• Some water
  • A signalling mirror
  • EPIRB (emergency radio beacon - if you invest, go for one with built-in GPS)
  • A second SMB
  • Dye marker
  • Small Dive light
  • A strobe
  • A hat

Jack covers my #3 concern, Surface Survival, pretty darned well here. In fact, I carry all these items (except an EPIRB), either in my BC pockets, or in the little ditty bag at the end of my DAN safety sausage, which I cannot recommend highly enough.

The DAN safety sausage/SMB is a very well thought-out device, not only for including the bag at the bottom to hold most of your surface survival gear, but also because it includes a slot at the top for a cyalume stick or other night beacon, has a reflective strip along the entire length, is generously sized yet rolls compact, can be inflated orally or with your LP hose, has an additional dump valve, comes with a whistle and mirror, has a decent lift capacity, and can even be wrapped around yourself and clipped like a traditional O-float for long-duration spells above water where you may need to sleep.

In addition, in my DAN sausage bag I also carry a tiny roll of duct tape and one of those "space blankets". The blanket is just a big piece of metallized Mylar, but packs incredibly small and is so versatile: with it and a bit of duct tape you can make yourself a hat or mini-tent to escape the sun, you can cut it into ribbons and string them together for a very long and visible daylight streamer, and my understanding is you can wad up what's left into a ball that is highly reflective to radar. Remember: being visible and heard is great, but the Coast Guard copter looking for you can see much farther with their radar than with their eyes and ears! All this versatility for very little space consumed (about the size of a deck of cards).

So, those are three main concerns for a solo diver - or any diver wishing to be self-reliant and independent of a buddy - and ideas about addressing them. The important thing, however, is not just to have the equipment, but to be comfortable with it, to get used to carrying it on every dive, and - as always - to have the presence of mind not to panic, but rather use the one tool most important over any other: your brain.

Ultimately, I still plan to do most of my diving with buddies, preferably people I know and trust. I'm going for the Solo cert - and the equipment and training that goes along with it - mostly for the peace of mind that comes with the knowledge that I am as self-reliant as I can reasonably be.

As to whether or not all this should be taught as part of basic open water... I'm not sure. I think the buddy system does pretty well, for what it is. I know in my case when I started out I really just wanted to get my OW cert and start diving. Most of what I've really learned has been after that, with experience, and keep in mind we are talking about a lot of extra equipment here, so task-loading the neophyte diver is also a serious consideration. I think a better case could be made to make solo-type self-rescue training part of an AOW cert.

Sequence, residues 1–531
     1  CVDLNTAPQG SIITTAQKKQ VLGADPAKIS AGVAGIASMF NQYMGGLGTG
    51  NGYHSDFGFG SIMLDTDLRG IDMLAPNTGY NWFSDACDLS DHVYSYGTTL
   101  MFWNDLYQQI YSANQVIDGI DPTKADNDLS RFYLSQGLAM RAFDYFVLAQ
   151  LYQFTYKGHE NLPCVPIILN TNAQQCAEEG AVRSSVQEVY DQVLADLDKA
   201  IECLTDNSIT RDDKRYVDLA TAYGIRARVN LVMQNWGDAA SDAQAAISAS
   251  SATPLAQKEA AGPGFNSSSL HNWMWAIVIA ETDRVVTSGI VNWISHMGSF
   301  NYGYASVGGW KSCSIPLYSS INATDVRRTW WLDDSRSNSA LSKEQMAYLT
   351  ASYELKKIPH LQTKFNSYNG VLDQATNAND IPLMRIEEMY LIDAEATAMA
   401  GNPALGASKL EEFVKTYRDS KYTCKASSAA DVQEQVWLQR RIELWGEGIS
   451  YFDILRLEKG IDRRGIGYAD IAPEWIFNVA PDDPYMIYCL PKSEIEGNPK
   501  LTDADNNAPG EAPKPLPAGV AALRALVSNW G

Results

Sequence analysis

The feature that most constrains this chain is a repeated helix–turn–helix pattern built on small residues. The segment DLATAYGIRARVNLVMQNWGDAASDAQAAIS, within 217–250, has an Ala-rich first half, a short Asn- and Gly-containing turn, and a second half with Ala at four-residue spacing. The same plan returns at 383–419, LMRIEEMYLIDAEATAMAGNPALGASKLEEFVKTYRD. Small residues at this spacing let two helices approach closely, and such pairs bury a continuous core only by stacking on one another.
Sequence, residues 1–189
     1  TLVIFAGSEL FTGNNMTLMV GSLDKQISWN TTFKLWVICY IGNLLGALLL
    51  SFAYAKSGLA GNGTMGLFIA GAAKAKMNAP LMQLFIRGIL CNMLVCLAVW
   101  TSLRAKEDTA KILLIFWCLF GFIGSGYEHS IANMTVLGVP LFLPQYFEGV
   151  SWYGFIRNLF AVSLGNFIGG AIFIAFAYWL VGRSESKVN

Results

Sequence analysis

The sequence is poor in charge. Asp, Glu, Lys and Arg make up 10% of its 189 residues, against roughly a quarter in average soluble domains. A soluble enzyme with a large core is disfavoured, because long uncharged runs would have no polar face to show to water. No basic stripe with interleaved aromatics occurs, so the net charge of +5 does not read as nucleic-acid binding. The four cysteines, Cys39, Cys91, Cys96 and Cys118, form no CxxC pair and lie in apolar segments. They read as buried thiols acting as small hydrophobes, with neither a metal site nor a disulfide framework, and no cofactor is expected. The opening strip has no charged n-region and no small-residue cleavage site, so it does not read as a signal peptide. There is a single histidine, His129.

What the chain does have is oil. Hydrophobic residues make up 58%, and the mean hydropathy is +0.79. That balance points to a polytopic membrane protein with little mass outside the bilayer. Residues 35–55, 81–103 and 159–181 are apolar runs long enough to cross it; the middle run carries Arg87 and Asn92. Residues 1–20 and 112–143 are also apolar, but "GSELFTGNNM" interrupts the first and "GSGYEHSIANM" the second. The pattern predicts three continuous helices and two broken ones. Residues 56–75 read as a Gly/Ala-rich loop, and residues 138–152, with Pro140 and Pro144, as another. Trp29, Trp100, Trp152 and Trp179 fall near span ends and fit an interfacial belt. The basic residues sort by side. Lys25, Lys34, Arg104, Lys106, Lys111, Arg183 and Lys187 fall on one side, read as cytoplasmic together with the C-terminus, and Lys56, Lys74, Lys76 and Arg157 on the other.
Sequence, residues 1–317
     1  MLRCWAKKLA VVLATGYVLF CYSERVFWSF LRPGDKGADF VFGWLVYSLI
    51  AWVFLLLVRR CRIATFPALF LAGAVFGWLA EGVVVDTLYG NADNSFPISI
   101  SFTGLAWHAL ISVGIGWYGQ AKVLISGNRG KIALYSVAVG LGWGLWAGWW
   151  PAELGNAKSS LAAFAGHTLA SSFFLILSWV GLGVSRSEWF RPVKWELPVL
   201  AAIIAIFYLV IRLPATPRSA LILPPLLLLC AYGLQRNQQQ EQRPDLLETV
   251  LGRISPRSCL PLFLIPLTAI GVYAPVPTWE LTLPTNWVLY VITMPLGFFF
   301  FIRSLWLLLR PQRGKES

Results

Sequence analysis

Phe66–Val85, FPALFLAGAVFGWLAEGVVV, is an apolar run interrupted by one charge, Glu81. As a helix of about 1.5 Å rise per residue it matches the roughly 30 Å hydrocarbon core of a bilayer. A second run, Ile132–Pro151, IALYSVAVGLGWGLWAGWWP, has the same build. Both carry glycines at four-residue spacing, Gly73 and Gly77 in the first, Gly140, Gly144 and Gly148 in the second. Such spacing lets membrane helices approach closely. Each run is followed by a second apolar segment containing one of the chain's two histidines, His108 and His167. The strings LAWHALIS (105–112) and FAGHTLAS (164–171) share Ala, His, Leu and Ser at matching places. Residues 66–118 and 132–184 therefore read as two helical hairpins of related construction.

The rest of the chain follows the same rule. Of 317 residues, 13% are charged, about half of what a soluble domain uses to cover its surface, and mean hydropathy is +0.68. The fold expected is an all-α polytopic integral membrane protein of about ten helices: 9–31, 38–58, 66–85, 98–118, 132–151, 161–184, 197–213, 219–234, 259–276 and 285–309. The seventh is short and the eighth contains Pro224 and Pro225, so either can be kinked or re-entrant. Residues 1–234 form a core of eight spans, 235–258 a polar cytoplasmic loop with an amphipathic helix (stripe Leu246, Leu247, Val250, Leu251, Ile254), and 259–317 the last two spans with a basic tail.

Anyway, that's just my opinion and experience to share on this matter. Keep in mind, I'm still learning as I go...

>*< Fritz

#33 Landlocked Dive Nut

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Posted 13 December 2011 - 09:42 PM

I wanted to bring this thread back to the light, because I think there is a lot of valuable information here that some of our newer members could benefit from.

I've added 250 dives to my logbook since my initial response, and during that time I got my AOW and my Rescue certs, and am a DM in training. I would add now that although additional training is highly recommended, DO NOT just pay lip service to getting an advanced cert. Take it seriously....challenge yourself! Don't get your AOW by taking the 5 easiest specialties. I know someone who got their AOW by taking boat diving class, computer class, photography, fish ID, and altitude class. At the end of it, they had less than 30 logged dives.

And they considered themselves an ADVANCED DIVER because they had the card. Seriously???

Simon's original post gave a statistic on how few divers advance beyond basic Open Water class. In other threads, many of our members strongly suggest that divers don't stop training until they have, at the very least, completed Rescue training. I have to agree....I learned more about being a self-sufficient diver in Rescue class than I could have imagined. I was 50 years old when I got that cert, and the open water checkout portion of the course kicked my butt, and I wouldn't have it any other way. Not only do I feel confident that I could make a difference to my buddy under dire circumstances, I have learned how to recognize and minimize those same dire circumstances....hopefully for BOTH of us!

Now, if I could just figure out how to travel with a Spare Air without any hassle at the airport.... :lmao:
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#34 peterbj7


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Posted 13 December 2011 - 10:18 PM

Interesting thread that I hadn't seen. Thanks for resurrecting it. I'll read it all later when i have time. But initially - what happened to Fritz? I've never come across him.